New Post: Dr. Mohler on Leadership (Part 1)

Albert Mohler

 

 

 

 

 

 

 

 

 

 

I just finished Dr. Mohler’s latest book The Conviction To Lead: 25 Principles For Leadership That Matters. His book is a veritable goldmine with life-lessons and truths that have been and will continue to be indispensable if leaders are going to make an impact. One of the most intriguing aspects of Dr. Mohler’s book is the autobiographical dimension where leaders get an inside glimpse into the world of a leader par excellence.

And yet I realize not everyone will make time to read this book — though one of Mohler’s principles of convictional leaders is that they’re readers — just saying!  It is for that reason that I will offer a brief summary of his book while also highlighting several statements I found compelling, insightful and encouraging, which I’ll do in two posts.

Chapter 1 – The conviction to Lead: true leadership starts with a purpose, not a plan

  • Christian leadership is grounded in the truth of a Creator. Therefore, leaders lead from a center of gravity rooted in truth and wherever they lead, the church or the secular world, their leadership should be driven by distinctively Christian convictions (18).

Chapter 2 – Leading is Believing: the leader is driven by beliefs that lead to action

  • The leadership that matters most is deeply convictional, most notably a belief in the gospel of Christ. Christian leadership stems from the substance and object of our faith: Jesus. This message is what drives and determines everything else (1 Cor 2:2) and without this conviction nothing really matters, and nothing of significance is passed on (26).  Consequently, a leader cannot faithfully lead if they do not faithfully believe (27). 

Chapter 3 – Convictional Intelligence: the leader develops the capacity to think in convictional terms and leads followers to do the same

  • All Christian leaders must operate out of convictional intelligence; leaders without emotional intelligence cannot lead effectively because they cannot connect with the people they are trying to lead. Leaders lacking ethical intelligence will lead their people into a catastrophe. But leaders without convictional intelligence will fail to lead faithfully, and that is a disaster for Christian leaders (31). Convictional intelligence grows and deepens over time as the the leader increases in knowledge and in strength of belief (32). Lastly, Mohler is quick to dismiss that convictional intelligence is not something esoteric but happens by the ordinary means of grace such as hearing the Word of God preached celebrating the ordinances of baptism and the Lord’s Supper and living in the fellowship of believers in a faithful local church (36).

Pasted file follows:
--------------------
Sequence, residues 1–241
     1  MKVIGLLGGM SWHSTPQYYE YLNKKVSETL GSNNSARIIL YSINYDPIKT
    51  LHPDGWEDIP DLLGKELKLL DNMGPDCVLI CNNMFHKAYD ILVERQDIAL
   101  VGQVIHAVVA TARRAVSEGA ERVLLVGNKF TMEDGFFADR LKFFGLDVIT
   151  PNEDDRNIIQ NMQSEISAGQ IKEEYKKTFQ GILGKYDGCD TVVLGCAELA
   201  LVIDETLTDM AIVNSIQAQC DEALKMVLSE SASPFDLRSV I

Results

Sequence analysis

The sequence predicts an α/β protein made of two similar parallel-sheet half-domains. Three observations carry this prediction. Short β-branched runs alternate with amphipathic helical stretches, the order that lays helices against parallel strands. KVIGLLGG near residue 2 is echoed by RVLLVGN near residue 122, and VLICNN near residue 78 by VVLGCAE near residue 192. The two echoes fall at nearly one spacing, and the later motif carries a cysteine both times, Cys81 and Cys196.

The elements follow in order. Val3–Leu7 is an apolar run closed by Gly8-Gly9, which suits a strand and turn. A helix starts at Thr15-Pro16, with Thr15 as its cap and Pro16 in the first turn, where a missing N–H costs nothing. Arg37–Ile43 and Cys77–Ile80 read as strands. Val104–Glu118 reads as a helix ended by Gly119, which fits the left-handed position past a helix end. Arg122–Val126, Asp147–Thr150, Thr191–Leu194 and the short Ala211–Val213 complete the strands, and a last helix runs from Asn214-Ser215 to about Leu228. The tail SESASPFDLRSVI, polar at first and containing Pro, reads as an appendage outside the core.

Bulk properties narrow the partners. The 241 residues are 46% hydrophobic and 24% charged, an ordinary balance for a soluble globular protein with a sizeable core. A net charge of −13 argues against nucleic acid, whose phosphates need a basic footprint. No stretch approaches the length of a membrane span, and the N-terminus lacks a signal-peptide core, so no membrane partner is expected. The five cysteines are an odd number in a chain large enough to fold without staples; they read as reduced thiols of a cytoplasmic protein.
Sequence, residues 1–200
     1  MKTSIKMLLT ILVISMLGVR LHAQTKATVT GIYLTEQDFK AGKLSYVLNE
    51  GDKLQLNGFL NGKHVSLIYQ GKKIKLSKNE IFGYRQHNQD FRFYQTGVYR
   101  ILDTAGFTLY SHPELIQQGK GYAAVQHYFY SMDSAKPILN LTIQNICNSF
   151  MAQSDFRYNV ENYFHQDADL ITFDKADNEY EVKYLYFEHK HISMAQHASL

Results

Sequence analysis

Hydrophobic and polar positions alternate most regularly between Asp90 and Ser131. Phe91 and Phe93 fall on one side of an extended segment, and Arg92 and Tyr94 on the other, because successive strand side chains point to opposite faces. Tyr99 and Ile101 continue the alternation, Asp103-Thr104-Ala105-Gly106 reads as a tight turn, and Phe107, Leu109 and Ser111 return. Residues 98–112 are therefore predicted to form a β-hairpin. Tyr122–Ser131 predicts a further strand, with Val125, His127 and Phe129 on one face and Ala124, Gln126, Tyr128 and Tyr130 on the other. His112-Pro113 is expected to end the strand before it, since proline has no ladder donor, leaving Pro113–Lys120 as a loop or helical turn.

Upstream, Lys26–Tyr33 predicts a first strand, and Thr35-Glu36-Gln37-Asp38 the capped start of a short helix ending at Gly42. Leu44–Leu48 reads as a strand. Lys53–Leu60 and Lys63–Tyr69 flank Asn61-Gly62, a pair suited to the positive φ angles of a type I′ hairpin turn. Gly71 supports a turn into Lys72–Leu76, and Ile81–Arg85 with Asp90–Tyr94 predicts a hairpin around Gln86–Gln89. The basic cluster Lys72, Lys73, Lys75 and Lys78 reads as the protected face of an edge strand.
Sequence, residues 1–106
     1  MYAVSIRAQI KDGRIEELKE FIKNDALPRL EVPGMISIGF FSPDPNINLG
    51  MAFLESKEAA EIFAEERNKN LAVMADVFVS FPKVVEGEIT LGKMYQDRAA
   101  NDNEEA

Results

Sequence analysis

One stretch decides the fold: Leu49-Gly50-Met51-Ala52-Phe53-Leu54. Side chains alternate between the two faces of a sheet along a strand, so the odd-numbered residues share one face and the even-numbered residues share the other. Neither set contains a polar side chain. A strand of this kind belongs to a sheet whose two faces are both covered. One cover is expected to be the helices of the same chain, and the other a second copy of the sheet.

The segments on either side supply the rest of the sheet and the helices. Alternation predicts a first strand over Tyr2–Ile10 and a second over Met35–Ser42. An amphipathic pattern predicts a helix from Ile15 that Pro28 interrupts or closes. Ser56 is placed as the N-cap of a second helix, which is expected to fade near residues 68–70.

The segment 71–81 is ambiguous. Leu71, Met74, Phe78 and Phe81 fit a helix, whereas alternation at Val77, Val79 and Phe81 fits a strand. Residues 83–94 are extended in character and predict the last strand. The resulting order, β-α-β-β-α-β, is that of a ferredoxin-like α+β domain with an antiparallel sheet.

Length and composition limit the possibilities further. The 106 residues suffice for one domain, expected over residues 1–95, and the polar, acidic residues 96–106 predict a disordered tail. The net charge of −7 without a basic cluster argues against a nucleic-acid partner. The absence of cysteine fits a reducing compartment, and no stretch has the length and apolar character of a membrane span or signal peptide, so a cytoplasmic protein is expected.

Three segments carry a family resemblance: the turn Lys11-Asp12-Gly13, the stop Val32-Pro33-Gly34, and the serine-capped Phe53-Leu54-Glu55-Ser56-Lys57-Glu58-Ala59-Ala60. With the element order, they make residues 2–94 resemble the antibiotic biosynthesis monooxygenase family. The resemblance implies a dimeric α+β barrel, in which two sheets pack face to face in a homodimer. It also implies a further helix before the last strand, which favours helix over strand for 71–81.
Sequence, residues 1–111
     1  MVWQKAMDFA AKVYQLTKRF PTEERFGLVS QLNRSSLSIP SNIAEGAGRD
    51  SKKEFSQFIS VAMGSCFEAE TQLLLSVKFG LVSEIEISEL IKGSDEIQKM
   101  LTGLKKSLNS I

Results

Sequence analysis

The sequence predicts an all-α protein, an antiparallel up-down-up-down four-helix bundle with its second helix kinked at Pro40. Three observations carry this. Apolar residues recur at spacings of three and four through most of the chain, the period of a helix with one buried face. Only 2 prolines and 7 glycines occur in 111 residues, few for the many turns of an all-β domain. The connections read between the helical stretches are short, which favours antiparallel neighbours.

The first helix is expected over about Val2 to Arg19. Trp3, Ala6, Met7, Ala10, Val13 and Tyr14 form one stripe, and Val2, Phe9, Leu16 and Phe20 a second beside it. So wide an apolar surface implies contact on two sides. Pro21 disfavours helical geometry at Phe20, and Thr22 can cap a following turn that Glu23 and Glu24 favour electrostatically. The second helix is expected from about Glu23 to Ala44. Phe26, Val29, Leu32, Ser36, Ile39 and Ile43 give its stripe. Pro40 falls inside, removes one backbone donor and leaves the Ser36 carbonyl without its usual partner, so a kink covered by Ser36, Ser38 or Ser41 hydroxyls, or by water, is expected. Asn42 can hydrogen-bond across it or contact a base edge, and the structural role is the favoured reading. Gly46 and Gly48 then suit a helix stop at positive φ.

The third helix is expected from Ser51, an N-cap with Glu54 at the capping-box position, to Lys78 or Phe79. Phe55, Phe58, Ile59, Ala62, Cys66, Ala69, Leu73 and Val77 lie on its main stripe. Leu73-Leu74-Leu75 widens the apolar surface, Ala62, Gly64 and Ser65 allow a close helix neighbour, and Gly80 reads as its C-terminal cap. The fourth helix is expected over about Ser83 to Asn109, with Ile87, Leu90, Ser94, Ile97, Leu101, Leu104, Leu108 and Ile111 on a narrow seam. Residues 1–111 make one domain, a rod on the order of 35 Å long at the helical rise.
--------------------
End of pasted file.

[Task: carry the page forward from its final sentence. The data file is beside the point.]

Chapter 4 – Leadership is Narrative: the leader draws followers into a story that frames all of life

  • The most important truths come alive through stories, and faithful leadership is inseparable from the power and stewardship of story (37). Leadership that matters grows out of the leader’s own beliefs that the story is true, that it matters, and that it must both expand and continue (39).  The narrative of Christianity can be broken down into four major chapters: 1) creation – God created the world and everything within it out of nothing, 2) fall – Adam and Eve defy God, disobey his command, and all of humanity suffers the consequences of God’s judgment, 3) redemption – the promise of a Messiah who came and died in our place, rose from the dead declaring victory over sin and death and 4) consummation – God will bring everything to a perfect conclusion with the coming of christ, the resurrection of the dead, the final judgment, the division of all humanity into either heaven or hell and the inauguration of a New Creation, ruled over by Christ and his redeemed people, where there is no sickness or death (41).